On will it work?

There is no telling. The long-form video model may be a hit with small independent directors who are looking to make amateur or short films. But they won’t make any money from it without ad revenues.

I think the one issue here is that it works best for small independent directors, which Mashable states, because they probably didn’t pay much to produce it and are eager to get their shows out to the public without going through the major network bureacracy of promotion. However, getting well-established shows like Law & Order, CSI, The Tonight Show, and others on board to jump in? Probably a long shot because the networks may not have control over which advertisers are being promoted during the “advertising break”.

No matter what YouTube’s position on doing longer episodes of shows or whatever, it’s not one to prevent advertisers from wanting to market there. Why? Because it’s YouTube…the video darling that everyone wants to be a part of…like Facebook or Twitter. It’s owned by Google and everyone wants to be a part of the “hottest thing online today”.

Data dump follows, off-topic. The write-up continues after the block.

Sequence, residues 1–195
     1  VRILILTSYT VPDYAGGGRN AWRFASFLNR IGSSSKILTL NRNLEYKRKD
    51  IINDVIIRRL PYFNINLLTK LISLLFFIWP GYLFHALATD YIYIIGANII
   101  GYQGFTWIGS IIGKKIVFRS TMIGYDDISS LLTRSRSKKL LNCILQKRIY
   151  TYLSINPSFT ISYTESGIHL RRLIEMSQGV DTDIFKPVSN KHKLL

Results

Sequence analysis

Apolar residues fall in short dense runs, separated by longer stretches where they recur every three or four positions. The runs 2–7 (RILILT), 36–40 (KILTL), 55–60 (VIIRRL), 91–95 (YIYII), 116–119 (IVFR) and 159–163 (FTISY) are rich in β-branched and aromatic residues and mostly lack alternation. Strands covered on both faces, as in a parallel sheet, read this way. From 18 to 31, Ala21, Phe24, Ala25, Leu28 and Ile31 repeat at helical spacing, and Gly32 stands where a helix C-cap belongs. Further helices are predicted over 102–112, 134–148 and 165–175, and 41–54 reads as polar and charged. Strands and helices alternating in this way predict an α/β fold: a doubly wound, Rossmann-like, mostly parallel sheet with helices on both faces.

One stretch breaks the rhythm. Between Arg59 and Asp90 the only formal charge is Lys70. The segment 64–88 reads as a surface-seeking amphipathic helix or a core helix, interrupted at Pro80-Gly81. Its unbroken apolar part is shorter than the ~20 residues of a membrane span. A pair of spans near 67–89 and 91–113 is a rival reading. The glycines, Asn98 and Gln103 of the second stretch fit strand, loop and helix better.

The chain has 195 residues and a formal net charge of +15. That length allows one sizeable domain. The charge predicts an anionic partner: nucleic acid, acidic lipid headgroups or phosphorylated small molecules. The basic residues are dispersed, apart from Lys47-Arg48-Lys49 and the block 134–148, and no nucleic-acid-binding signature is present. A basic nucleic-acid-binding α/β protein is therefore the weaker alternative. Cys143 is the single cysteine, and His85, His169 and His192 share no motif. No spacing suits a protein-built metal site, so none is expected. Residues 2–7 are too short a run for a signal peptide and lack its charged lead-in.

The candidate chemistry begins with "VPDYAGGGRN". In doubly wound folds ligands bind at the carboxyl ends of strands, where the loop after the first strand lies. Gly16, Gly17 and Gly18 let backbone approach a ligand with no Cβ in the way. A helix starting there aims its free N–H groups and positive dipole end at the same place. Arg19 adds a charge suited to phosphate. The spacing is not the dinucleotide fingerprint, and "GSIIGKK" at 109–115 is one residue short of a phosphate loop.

But here’s where I think YouTube needs to leave Hulu alone.

This part here is where it gets good…I think. YouTube should already know that Hulu isn’t getting as many marketers as they wanted. BusinessWeek is even reporting it as such. So does YouTube need to worry about an influx of people running to Hulu to advertiser? Perhaps the key here is for YouTube to put together some sort of new advertising program?

Here’s the thing about YouTube and Hulu. For me, I see YouTube as primarily as a user-generated website. At best, the most professional thing you might see would be the Weekly Radio Address by President Barack Obama and maybe even a couple of other television shows – mostly political. But when I think about professional quality that’s worthy of being on TV, it’s all on Hulu. So why do I need to think about watching network quality videos on YouTube when it’s the “people’s video channel”? That’s absurd for them to mess with that. Instead, let’s work on trying to improve the user’s experience and also the advertiser’s offering. Yes, banner advertisements no longer work as well as text ads. But is there another way of displaying it so that they don’t appear obtrusive?